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Maintaining your reading and writing skills as you get older can make a big difference to your quality of life. Here you can read information about the benefits of maintaining literacy and discover how you can support your loved one.

On this page you can find information on:

1. The benefits of reading and writing
2. Making the most of reading and writing
3. Appropriate lighting
4. Sight problems

The benefits of reading and writing

In addition to cognitive benefits, reading and writing activities can provide enjoyment, ease stress and help your loved one retain their independence. These skills can help your relative maintain control of their own affairs and activities on a day-to-day basis.

They may also find it easier to stay up to date with current affairs and to keep in touch with family, friends and loved ones using the internet. These factors can help reduce the risk of isolation and loneliness.

Making the most of reading and writing

One of the best ways to increase the time your relative spends reading and writing is by incorporating activities into a regular routine. It’s also a good idea to make sure that your relative has the right equipment according to their needs.

For example, your relative may read the daily newspaper every morning (either physically or on a tablet or smartphone) or take out a subscription to a favourite magazine. He or she may also enjoy audio books or radio podcasts, particularly if they have sight problems or a physical ailment that makes it difficult for them to read the print media that they enjoy.  

There are also many options available if your relative is less physically able, such as ergonomically designed holders for books and newspapers. There are also grip pens that make writing easier. Finding the right computer for your relative could prove very beneficial if writing by hand is no longer possible.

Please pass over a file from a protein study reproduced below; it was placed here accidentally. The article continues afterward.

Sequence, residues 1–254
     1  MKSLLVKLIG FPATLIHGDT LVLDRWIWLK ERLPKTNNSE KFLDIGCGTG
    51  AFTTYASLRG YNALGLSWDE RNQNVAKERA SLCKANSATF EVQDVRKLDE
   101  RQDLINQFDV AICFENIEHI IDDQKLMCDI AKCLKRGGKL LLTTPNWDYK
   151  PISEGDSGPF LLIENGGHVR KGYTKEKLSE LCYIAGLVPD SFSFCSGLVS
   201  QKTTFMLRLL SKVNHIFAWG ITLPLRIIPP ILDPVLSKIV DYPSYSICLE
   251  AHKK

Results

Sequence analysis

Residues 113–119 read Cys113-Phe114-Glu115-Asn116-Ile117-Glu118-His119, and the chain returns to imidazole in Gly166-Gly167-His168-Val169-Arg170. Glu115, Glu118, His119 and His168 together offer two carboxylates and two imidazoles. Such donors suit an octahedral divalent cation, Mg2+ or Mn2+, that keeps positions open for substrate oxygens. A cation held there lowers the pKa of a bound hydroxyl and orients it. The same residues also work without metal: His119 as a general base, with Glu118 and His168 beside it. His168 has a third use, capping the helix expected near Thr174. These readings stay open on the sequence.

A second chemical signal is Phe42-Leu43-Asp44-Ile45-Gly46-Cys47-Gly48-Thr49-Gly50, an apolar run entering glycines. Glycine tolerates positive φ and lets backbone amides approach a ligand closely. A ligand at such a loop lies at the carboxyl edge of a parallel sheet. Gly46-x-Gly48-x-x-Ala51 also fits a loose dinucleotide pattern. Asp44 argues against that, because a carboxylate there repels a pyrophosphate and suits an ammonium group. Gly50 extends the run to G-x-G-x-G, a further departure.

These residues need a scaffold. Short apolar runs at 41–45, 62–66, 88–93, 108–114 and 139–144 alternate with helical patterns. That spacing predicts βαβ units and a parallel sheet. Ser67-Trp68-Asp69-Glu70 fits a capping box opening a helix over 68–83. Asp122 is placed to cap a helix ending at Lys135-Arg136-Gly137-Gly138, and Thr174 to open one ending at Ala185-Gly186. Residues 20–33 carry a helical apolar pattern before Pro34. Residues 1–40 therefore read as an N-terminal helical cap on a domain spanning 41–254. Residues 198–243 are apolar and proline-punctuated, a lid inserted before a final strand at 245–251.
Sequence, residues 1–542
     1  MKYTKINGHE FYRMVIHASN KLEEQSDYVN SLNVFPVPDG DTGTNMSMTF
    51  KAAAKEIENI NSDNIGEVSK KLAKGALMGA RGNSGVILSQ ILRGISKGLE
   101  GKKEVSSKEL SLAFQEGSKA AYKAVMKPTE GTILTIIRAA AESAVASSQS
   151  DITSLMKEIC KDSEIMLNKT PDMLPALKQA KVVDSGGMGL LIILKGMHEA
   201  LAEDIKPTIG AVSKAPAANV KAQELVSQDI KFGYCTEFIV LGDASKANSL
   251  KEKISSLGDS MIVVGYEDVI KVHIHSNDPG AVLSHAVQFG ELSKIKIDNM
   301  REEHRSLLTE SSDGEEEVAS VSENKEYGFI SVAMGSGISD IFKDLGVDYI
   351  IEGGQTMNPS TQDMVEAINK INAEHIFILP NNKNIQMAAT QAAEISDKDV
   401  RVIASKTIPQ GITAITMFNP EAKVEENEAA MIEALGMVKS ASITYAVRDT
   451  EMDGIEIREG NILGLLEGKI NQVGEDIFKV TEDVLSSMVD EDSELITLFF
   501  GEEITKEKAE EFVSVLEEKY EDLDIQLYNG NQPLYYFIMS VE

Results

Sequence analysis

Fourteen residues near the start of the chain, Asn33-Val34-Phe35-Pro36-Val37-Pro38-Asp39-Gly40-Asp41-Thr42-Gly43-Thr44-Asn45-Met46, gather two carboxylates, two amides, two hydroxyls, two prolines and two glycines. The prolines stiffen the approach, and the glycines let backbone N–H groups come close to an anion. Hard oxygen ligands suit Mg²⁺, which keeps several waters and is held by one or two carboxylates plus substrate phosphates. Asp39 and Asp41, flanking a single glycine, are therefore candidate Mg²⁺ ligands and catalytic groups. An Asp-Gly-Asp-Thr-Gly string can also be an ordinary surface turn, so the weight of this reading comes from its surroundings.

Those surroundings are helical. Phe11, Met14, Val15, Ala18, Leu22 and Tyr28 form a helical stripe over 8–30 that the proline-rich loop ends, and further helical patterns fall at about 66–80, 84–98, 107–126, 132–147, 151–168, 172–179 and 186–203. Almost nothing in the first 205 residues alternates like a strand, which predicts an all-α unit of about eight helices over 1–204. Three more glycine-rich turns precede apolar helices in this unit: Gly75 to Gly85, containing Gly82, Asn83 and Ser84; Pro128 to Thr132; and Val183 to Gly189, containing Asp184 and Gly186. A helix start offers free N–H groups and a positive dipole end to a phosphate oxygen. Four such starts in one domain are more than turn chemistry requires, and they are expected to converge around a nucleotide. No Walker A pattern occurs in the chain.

Appropriate lighting

As we age, our ability to see well in dimmed lighting is reduced, so it’s a good idea to check that there are good lighting conditions in your relative’s home. General safety should be taken into consideration, as accidents can be avoided simply by having clearly lit rooms and spaces.

  • Make sure there is enough lighting throughout the home. Ensure that light bulbs have a high voltage and a shade that doesn’t diffuse the light level. A luminance between 750 and 1000 Lux is recommended. Consider the rooms hallways, corridors, stairways and also walk-in cupboards and pantry spaces.
  • Consider introducing task lighting to improve your relative’s comfort in certain situations (for example when they're reading in a chair or in bed). Daylight bulbs can also provide more clarity.
  • Check that light switches throughout the property are easy to find and in a convenient position for use. If this is not the case, consider having additional light switches fitted by an electrician.
  • In addition to the main lights, consider positioning lamps within easy reach of frequently-used spaces: for example, next to a favourite reading chair in the living room or on a bedside table.
  • If the plug-in lamps have switches that aren’t easy to access, you could consider installing remote-controlled socket adaptors. These devices allow your relative to turn off electrical equipment with a remote control.
  • Keep a spare stock of light bulbs in a place that is easy to access.
  • Wall-mounted, battery-operated lights can be a better, cheaper alternative to installing new electrical wiring. These come in a variety of styles and are operated by switch, pull cord or even movement sensors. They are particularly useful for cupboards and outdoor spaces.
  • If your relative gets up in the night, consider fitting indoor motion sensors to activate lights.

Sight problems

If your relative struggles to read smaller text in books, newspapers or magazines, and glasses don’t help, they could try reading aids, such as magnifiers and enhanced lighting. Your relative may also like to explore digital options, as many e-readers, laptops and computers have the option of increasing font size and backlighting to make reading easier.

Read more about eye tests in Vision and hearing problems.

More information

Page last reviewed: November 2016
Next review due: January 2019